- The exact origin is not known but research says millet was most likely cultivated simultaneously in Asia and Africa over 7000 years ago.
- It has been a staple in India and Africa for thousands of years. In the Old Testament millet is mentioned as a grain for making bread.
- Chinese archeologists found a 4000 year old bowl containing long noodles made from millet. The earliest written record of millet, “Fan Shen Chih Shu” 2800 BC, gives detailed instructions for growing and storing the grain.
- There is even evidence that millet was eaten and grown in the Stone Age in Switzerland.
- Millet first came to the U.S. in 1875, was consumed and grown by early settlers like corn, then fell into obscurity
How to Buy and Store:
- When purchasing from bins in the bulk section, make sure the bins are covered and that there is a good product turnover ensuring it is fresh. Also, make sure that there is no moisture.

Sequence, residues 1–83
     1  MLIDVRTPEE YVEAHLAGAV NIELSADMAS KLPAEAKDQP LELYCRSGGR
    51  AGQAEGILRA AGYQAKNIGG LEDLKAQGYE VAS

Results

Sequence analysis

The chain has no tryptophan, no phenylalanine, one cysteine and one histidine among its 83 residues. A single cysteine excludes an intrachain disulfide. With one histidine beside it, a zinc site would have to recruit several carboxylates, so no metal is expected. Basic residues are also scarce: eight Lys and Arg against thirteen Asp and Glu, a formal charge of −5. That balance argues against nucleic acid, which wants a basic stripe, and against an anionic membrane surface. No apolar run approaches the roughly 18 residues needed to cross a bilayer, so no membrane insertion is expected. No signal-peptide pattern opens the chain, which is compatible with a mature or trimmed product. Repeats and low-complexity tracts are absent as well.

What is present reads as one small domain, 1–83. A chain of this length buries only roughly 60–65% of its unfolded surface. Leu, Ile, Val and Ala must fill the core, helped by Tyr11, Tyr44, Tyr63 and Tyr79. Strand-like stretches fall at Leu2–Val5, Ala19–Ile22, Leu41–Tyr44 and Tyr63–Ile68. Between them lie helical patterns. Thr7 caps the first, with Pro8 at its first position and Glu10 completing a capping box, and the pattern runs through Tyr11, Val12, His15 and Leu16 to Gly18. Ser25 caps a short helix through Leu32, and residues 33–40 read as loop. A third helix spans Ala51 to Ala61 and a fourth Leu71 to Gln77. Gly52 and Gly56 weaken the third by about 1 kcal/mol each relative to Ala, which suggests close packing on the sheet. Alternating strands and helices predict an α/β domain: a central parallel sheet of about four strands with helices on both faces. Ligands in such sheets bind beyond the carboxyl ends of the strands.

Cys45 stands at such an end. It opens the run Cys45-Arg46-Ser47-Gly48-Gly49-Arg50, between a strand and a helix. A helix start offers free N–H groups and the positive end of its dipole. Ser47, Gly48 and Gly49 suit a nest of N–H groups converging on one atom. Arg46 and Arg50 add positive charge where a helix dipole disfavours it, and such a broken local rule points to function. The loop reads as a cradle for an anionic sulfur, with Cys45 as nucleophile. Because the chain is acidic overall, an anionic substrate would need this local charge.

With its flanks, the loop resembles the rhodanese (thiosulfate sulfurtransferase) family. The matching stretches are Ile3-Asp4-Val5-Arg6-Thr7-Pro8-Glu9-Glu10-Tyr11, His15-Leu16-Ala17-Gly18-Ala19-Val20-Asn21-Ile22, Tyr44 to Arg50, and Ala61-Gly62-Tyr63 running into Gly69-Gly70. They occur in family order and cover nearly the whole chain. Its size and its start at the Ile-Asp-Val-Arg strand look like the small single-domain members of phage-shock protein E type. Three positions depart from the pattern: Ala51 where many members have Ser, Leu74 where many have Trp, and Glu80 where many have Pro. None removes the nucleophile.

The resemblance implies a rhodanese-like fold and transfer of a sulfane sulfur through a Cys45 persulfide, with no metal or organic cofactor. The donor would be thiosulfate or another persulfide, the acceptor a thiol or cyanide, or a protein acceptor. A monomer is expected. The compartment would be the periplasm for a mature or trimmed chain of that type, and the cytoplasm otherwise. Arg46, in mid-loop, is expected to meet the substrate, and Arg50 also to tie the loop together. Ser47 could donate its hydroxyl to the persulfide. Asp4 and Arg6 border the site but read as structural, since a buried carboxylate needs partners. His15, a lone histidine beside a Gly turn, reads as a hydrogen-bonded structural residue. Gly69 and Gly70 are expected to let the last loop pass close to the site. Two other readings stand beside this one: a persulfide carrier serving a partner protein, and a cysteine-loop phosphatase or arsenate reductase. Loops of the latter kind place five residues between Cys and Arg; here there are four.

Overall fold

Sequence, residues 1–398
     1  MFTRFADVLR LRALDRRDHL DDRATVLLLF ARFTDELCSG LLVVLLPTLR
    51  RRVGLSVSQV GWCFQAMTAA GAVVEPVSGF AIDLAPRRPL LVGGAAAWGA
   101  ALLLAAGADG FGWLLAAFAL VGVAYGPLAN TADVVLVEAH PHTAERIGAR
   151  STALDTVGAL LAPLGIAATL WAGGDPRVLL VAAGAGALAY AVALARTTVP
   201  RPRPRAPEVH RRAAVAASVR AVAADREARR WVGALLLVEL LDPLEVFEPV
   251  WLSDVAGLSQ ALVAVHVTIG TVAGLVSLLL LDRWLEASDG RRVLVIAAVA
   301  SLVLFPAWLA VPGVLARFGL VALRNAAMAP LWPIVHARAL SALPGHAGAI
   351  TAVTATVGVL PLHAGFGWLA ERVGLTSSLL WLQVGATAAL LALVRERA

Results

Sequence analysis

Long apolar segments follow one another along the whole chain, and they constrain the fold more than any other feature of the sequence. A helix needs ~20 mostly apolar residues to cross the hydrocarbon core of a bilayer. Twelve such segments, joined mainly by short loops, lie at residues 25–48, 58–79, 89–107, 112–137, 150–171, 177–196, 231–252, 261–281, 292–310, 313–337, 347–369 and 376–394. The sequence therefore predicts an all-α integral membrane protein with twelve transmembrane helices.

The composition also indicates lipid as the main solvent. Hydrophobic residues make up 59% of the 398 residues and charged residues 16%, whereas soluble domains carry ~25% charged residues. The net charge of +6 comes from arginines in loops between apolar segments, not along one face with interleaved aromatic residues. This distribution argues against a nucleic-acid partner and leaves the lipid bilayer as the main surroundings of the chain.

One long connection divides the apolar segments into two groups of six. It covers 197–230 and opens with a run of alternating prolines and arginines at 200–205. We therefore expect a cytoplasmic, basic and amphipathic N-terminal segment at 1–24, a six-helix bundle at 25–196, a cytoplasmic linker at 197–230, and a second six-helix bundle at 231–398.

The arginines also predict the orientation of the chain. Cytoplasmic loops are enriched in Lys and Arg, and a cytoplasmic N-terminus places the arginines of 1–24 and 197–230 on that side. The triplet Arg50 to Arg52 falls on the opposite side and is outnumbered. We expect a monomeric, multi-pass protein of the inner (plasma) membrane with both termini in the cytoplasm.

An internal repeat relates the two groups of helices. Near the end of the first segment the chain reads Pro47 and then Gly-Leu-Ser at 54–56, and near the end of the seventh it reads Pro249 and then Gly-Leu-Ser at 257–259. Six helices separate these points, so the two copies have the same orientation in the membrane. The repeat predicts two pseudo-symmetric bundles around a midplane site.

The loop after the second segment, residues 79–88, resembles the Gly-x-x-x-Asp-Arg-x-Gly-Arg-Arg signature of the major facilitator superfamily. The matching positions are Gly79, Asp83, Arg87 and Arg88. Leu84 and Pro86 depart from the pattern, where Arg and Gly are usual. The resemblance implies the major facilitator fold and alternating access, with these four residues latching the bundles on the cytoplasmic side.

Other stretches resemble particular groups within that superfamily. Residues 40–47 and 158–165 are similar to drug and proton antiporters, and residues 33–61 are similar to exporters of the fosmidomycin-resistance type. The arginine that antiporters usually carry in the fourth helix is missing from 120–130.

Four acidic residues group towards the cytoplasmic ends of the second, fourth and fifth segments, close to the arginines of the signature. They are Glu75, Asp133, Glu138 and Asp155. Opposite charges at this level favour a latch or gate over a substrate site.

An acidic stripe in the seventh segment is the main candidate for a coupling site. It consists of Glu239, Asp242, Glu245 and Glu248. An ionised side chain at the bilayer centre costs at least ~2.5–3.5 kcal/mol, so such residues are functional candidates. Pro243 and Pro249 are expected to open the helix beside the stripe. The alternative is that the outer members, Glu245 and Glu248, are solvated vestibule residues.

- Store millet in an airtight container in a cool, dry and dark place; it will keep for several months.
10 Tips for Eating or Cooking:
- Instead of rice or potatoes, serve millet.
- Add millet to your favorite chopped vegetables; make a stir fry.
- Add millet to your salad (I like warm millet).
- Make breakfast porridge with cooked millet; add your favorite nuts and fruits.
- Add ground millet to bread and muffin recipes.
- The Hunzas use millet as a cereal, in soups, and for making dense, whole grain bread.
- In Indian flat bread called roti are often made from millet flour.
- In Eastern Europe, millet is used in porridge and kasha, or is fermented into a beverage.
- In Africa it is used to make baby food, and as breakfast porridge.
- In some countries it is used as a stuffing ingredient for cabbage rolls.
Next page: Safety Tips & Delicious Millet Recipes